Recent discussions in several citizen science-related fora have led me to reflect on two themes: how, through our rhetoric and practices, we are giving shape to the increasingly used concept of citizen science, and how by examining the bigger social and historical context of science and production of knowledge we can inform our practices and writings about citizen science.
The spectrum of citizen science definitions and practices grows with every project, article, conference and association we create around it. Conceptions such as Alan Irwin and Jack Stilgoe‘s policy/society-oriented citizen science, Rick Bonney et al.’sPublic Participation in Scientific Research (PPSR), Muki Haklay et al.’s Extreme Citizen Science (ExCiteS), the Public Laboratory for Open Technology and Science‘s civic technoscience, are but a few of the frameworks guiding work and theory in and around citizen science. However, underpinning these frameworks of science and citizen science there are the larger and mostly unacknowledged socio-political and cultural contexts that give shape to the worldviews that guide our work. This shaping goes both ways: not only does the larger context shape our conceptions and practices, but so do our everyday concerns, habits, and motivations give shape to our conceptions of science, technological change, and the social context at large, as Lisa Jardine eloquently illustrates in her 7 ages of science.
But why should we bother about the larger socio-political and cultural context and how could examining it guide citizen science? There are several reasons and here I suggest a few, namely, understanding issues of power and privilege help guide new directions for citizen science; examining the dominant practices of knowledge production in science open the door to new collaborations and solutions; by looking at other fields and practices, we gain reflective capacity in our new and current institutions; by making the link to the larger context we make visible the vision(s) we strive for; and by being aware of what underpins our work, we can adjust the path our practices in citizen science are taking. Let’s look at it in more detail; here is my non-exhaustive list:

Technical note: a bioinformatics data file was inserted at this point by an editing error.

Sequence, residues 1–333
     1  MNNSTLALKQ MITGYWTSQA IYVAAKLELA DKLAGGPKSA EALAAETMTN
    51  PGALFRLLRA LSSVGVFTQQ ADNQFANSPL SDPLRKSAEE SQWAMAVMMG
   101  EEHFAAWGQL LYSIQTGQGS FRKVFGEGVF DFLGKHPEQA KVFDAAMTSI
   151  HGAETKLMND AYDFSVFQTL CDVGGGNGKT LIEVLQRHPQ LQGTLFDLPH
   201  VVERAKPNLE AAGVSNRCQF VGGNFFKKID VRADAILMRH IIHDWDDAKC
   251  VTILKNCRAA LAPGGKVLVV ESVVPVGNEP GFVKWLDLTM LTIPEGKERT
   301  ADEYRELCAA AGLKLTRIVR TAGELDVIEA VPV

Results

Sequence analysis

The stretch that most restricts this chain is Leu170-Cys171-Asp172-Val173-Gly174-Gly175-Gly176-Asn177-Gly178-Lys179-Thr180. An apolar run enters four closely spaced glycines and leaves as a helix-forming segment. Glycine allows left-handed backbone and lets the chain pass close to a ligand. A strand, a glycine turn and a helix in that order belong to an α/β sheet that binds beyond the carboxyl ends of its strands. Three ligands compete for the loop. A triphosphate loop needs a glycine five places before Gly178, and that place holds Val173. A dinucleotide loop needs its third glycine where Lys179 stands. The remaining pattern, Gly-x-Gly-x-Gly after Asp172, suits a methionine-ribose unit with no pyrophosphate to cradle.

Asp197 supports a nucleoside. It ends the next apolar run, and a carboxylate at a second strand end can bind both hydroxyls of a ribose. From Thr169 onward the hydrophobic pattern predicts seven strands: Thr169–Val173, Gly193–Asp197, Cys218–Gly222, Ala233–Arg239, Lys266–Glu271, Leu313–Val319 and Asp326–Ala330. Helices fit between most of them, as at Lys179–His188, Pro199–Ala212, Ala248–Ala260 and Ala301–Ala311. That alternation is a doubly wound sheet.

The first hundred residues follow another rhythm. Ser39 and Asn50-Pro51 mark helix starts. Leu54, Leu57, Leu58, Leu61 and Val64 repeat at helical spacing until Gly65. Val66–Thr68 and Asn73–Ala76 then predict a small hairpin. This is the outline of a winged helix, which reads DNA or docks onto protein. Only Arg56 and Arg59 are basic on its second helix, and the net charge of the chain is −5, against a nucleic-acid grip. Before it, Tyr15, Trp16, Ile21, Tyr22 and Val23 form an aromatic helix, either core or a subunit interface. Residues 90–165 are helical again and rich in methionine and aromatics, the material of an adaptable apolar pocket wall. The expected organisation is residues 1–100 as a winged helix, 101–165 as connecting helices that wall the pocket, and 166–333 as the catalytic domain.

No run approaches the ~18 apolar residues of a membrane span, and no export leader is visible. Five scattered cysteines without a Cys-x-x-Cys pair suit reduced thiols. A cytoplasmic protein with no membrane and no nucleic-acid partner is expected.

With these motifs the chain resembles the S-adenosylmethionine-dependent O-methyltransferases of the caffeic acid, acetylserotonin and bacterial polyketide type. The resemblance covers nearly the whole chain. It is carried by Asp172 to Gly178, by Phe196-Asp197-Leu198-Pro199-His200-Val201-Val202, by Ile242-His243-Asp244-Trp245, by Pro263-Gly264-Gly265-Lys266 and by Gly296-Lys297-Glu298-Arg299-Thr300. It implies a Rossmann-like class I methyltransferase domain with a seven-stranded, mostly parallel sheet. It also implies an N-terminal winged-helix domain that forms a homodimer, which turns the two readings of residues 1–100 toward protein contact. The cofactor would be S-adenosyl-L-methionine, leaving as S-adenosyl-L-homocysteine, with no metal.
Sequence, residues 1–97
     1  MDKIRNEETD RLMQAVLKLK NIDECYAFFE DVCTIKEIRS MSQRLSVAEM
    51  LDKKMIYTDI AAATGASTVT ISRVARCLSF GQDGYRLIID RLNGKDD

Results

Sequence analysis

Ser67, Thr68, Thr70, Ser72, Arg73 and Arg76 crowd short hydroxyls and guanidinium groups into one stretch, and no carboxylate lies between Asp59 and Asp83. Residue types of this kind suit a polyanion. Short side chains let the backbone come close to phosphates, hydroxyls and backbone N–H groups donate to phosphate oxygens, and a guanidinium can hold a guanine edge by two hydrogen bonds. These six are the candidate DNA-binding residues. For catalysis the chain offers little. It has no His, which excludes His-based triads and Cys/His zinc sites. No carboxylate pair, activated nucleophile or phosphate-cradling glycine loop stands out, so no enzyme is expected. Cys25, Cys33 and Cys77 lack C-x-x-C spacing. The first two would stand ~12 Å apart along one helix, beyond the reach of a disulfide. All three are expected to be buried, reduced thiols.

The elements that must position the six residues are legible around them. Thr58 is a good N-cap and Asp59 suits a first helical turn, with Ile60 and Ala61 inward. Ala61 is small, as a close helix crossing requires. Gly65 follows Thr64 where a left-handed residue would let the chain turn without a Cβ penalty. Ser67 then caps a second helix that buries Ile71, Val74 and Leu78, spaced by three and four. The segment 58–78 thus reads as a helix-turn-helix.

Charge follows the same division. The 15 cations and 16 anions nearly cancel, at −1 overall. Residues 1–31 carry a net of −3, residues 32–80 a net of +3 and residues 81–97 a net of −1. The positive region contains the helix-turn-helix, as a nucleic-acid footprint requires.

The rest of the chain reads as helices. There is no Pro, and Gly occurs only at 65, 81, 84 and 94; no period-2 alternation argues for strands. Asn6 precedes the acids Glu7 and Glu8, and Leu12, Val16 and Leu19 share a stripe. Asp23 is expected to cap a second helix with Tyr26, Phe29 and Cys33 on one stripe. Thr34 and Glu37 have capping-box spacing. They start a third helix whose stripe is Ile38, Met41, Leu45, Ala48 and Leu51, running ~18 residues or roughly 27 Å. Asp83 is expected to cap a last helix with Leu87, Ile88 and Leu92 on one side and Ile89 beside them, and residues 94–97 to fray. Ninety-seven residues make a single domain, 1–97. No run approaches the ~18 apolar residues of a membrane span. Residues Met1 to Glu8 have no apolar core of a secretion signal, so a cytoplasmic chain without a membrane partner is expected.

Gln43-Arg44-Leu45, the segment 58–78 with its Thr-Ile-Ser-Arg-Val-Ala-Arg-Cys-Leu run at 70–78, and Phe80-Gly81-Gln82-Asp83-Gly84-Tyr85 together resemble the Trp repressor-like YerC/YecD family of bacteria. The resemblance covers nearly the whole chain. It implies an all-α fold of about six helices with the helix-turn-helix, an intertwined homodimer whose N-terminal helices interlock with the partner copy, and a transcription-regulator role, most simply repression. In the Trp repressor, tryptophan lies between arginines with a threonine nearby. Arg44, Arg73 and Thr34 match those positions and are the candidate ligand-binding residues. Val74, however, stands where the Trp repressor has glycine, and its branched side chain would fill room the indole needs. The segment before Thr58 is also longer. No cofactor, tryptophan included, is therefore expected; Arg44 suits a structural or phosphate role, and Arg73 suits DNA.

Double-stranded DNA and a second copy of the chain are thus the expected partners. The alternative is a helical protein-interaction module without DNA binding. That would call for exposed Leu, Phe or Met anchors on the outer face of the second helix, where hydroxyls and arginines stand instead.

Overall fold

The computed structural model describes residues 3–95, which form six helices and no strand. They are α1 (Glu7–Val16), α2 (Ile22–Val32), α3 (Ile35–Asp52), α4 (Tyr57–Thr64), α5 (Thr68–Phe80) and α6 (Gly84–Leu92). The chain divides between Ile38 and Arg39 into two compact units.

First, as Michael T. Allen and Gabrielle Hetch illustrate in their book “Technologies of Power“, technologies become forms of power, people embed their authority in technological systems, and the machines and knowledge that make up technical systems strengthen or reshape social, political, and cultural power. We can replace ‘technologies’ for ‘scientific advancement’ and the same would apply (the authors argue that technological thinkers use science as sort of epistemological equipment among several). These issues of power in the production and use of knowledge are prominent within our societies’ histories. If we are to suggest new and conscious directions for the development of citizen science then the greater social and historical context of power, privilege, authority, and dominance of particular ways of thinking, doing and perpetuating must be acknowledged.
Second, if we consider science as a form of knowledge production with its own culture (its own rules and codes), then, through a larger socio-cultural and political lens, ‘citizen science’, invites us to challenge how this knowledge production takes place – now and historically, institutionally and professionally – by opening spaces for engaging with and acknowledging different ways of knowing and different ways of doing. Science cafés and events such as those hosted by the Global Community Monitor are examples of these spaces.
Third, and related to the previous, by ignoring the greater social and historical context of power and authority embodied in expertise and professional/institutional practices, we miss the point and the opportunities for creating truly new institutions and associations (such as the Citizen Science Association). That is, we miss the chance of engaging in the opening of spaces (virtual and physical, ideological and practical) where to shed light on, question, discuss, and acknowledge issues such as who engages in knowledge creation and how, what are the values on which the purposes and motivations of our work are rooted, and what processes we have/use (if any) to reflect on the implications of our work as well as make reparations when harm is done. There are many frameworks and best practices to draw from such as within Action Research or Free, Prior, and Informed Consent (FPIC). In addition, we must not forget nor undermine the power of bringing people together, especially from diverse backgrounds and walks of life in a community-based context – tools and techniques are shared and new ideas spark and cross-pollinate.
Fourth, contrary to some practices in science of reductionism and simplification of variables, acknowledging the larger context does not distract from a focus on or narrowing in on important issues; quite the opposite – it grounds its value(s) and guides its purpose(s) – making visible a vision that drives ‘scientific endeavour’.
Fifth, and most important of all, acknowledging these larger social issues of power will help us move towards making course corrections in our practices and theories as “we make the road by walking” on this new journey.
And finally, it is important to remember that whatever we discuss and do, especially collectively, will set a precedent for the next events and papers that come out of these conversations, practices and exchanges on citizen science.